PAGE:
I have legitimate concerns about Elton Brand at this point. I haven't seen anything which points toward him making a full recovery from his achilles injury. The shoulder isn't an issue. Last season, before the shoulder injury, I saw signs that we was rounding into form, this is why I'm still holding out hope. Through the preseason and the first game of the season, those signs haven't returned. But before we sign off the failure of the Elton Brand contract, can we let him play more than 25 minutes in a meaningful game? Apparently, Tim Povtak of Fanhouse can't
, and he won't be the last to jump the gun.
It's not so much the opinion that Brand will never be the same that bothered me. Like I said, I have some doubts myself, it's simply the complete hatchet job the guy did with the post that bothered me. I'm not going to pick it apart piece by piece, but at least get your facts straight. Povtak said Brand went for 8 points and 6 boards in 31 minutes, which would equate to a pitiful 9.2 points/36 minutes and 7.0 rebounds/36 minutes. He actually only played 25, which is a tad better at 11.5 pts/36 and 8.6 reb/36. Either way, it's not enough, nor is it a large enough sample size to say anything definitive about anything.
Povtak did unintentionally bring something up that's worth discussing, however. He talked about how Eddie Jordan's offense simply didn't mesh with Elton's game. Mostly because it isn't predicated upon dumping the ball down into the post. I don't know enough about Jordan's version of the PO, or how he ran things in Washington to know if this is true or not. The one thing I can tell you, definitively, is that the first team was feeding the post very, very frequently in the first quarter against Orlando. The only problem was that they were feeding Sam Dalembert down there, rather than Elton Brand.
A couple of different people have told me there's a vast difference between the four and five positions, offensively, within the PO. The five is mainly hovers in or around the key, and the ball is fed to him at the high or low post, with players cutting off him for backdoors, open jumpers on the wing, or just to clear space for the center to work. Mainly, when the ball has been dumped down to Sam, Brand has been on the weak side of the floor setting screens or spotting up for baseline J's.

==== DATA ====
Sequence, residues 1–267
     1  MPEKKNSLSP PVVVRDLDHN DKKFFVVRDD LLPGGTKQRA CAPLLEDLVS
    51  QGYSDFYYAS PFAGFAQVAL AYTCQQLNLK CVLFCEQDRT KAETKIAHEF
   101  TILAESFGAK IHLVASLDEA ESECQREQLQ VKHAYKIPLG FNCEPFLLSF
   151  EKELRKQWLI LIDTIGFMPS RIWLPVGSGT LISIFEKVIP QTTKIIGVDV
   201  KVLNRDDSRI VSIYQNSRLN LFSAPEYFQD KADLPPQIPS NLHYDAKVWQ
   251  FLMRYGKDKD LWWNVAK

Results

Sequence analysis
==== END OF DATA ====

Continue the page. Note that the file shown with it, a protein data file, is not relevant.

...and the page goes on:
Here's my question for you: Why can't you just swap Brand and Sammy in the offense? Why can't Brand play the five, offensively and be the guy who gets the ball in the post to either work against his man or make the correct pass to whomever is open? I'm not saying you bench Sammy, I'm saying you put the superior offensive big in the crucial role on the offensive end. Run the offense through him. Sammy doesn't draw doubles. Sammy doesn't make smart decisions with the basketball. Sammy doesn't take high-percentage shots when left to his own devices. Elton Brand may not be physically what he used to be, but he doesn't need to be that guy to outperform Dalembert in this role. All he needs to be is a threat to score with the basketball in his hands, which he is, and a smart and willing passer, which I believe he would be.
If you didn't happen to blink and miss the few times they tried to get the ball to Brand in the post against Orlando, you noticed the Magic immediately sent a double to him. A double team should be death against the PO, with guys reading rotations and cutting to open areas. Frankly, that's the reason Brand was brought in. To force teams to double someone, anyone, on this offense and open things up for the rest of the guys. The Sixers don't need him to be a 20/10 guy to compete, they need him to get the ball in a situation where teams need to do something drastic to either stop him from scoring, or just to get the ball out of his hands. He provided that when he got the ball in the post against Orlando, the system simply didn't work to take advantage of the weaknesses created by the doubles. If you swap Brand and Sammy in the offense, (a) more of those situations will be created, (b) Brand will be playing a style of basketball that's more suited to his skills and (c) they won't have their $80M low-post threat standing out past the three-point line clapping his hands, begging for someone to pass him the ball.
So if you reach the point where you're ready to write Elton Brand off, you should ask yourself these two questions first: 1. Has he had enough time to get his legs under him? (at least 20-25 games, in my opinion) 2. Has Coach Jordan really tried to utilize his skillset in the PO? If you can honestly answer affirmative to both of those questions, and he still looks like a lost cause, then you may have a point.